Are German English Translators a Bunch of Introverts?

German English Translators

A translation agency recently posted a blog about the effect of personality on choice of career when it comes to translating and interpreting. They suggested that translators tend to be more introverted and interpreters more extroverted. Is this true and can the suggestion be tested?

Many people who are not in the translation or interpretation industry confuse the two different techniques. Generally speaking, it is rare for interpreters and translators to be the same people. Translators, whether they are German English translators or Arabic French translators deal with text while interpreters deal with the spoken word.

This means that translators are not necessarily forced to deal with people on a face to face basis. They may have a document that has been sent to them by email or uploaded on to a German translation service website, for instance, and work on it individually at their own pace. This doesn’t mean they don’t have to communicate with anyone. They still have to communicate with colleagues or the boss at their agency if they work for a company. They may also have to communicate with clients and proofreaders if these are used separately from the translators.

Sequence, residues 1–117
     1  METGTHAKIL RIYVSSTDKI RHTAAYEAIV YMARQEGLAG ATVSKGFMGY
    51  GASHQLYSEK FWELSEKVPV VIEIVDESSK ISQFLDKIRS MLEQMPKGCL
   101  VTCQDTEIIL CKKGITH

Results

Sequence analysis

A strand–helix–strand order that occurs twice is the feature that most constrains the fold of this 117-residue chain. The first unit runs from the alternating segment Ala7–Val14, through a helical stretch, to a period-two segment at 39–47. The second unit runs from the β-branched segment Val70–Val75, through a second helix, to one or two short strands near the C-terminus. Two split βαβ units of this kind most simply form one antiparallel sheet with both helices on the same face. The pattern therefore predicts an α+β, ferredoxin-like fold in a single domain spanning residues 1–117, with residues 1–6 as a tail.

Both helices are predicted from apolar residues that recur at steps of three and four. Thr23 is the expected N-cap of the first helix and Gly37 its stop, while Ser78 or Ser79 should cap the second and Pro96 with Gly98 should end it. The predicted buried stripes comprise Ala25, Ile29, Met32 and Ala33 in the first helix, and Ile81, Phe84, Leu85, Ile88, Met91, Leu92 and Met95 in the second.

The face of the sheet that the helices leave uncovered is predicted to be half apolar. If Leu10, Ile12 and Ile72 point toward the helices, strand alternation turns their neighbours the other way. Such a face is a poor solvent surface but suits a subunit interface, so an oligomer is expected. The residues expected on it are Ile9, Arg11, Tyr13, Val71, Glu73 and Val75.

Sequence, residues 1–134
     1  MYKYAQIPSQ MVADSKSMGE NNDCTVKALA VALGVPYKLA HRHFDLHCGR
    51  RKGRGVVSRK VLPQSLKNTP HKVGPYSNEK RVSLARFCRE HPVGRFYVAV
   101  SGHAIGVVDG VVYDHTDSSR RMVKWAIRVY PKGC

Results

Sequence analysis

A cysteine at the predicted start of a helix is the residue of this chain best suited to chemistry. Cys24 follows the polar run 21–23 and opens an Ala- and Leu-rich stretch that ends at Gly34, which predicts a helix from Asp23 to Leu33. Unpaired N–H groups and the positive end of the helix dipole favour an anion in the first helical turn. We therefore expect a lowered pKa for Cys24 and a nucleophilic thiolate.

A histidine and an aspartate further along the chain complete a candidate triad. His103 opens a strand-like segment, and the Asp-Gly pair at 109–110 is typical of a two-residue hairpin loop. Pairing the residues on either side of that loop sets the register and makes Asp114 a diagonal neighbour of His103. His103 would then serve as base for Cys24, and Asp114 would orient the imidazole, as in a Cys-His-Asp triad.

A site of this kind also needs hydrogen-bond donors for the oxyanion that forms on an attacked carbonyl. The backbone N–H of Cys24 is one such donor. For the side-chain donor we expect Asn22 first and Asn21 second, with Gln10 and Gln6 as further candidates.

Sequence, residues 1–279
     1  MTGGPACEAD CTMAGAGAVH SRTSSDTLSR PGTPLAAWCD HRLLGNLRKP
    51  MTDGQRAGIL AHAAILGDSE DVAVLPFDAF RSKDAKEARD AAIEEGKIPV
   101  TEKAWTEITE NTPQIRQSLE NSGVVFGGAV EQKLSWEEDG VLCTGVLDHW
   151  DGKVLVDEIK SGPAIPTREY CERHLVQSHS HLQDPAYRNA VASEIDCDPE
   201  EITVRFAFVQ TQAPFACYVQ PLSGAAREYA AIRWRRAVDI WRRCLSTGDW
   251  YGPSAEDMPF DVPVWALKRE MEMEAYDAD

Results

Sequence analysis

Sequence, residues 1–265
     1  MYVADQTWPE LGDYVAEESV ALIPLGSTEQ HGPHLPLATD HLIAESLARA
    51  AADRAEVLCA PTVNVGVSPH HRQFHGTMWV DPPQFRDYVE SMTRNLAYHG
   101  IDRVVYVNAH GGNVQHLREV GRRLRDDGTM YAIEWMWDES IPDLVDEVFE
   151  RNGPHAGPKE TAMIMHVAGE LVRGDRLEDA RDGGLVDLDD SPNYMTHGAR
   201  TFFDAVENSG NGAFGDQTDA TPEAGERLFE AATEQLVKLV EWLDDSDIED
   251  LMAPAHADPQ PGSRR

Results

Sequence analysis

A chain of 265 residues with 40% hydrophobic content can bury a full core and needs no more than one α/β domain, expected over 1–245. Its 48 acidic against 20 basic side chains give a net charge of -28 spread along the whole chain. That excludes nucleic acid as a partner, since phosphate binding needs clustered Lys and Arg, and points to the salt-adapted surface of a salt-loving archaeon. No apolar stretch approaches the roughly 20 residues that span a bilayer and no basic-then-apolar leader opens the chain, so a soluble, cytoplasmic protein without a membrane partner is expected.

However, it is true to say that they do not spend the amount of time which an interpreter does listening to someone speak and be able to convert this into another language quickly and direct it towards an audience which could range from a prime minister to a businessman or a whole conference or an assembly.

Without doing any sociological research it makes sense to say that the translator’s job would be best suited to an introvert. To put it another way, a naturally introverted person if given a direct choice of becoming a translator or an interpreter assuming that the rewards are identical would be most likely to choose the former career.

At the same time, one might assume that with all that face to face contact, the job of interpreter would be the most preferred choice of the natural extrovert.

In real life, of course, things are never that clear cut. People change their professions and may stumble into them for all sorts of reasons. What can safely be said is that the demand for translators and interpreters, extrovert, introvert or neither, continues to grow as the world becomes increasingly diverse within national borders and the amount of communication and trade that goes on between nations on a global scale rises every year.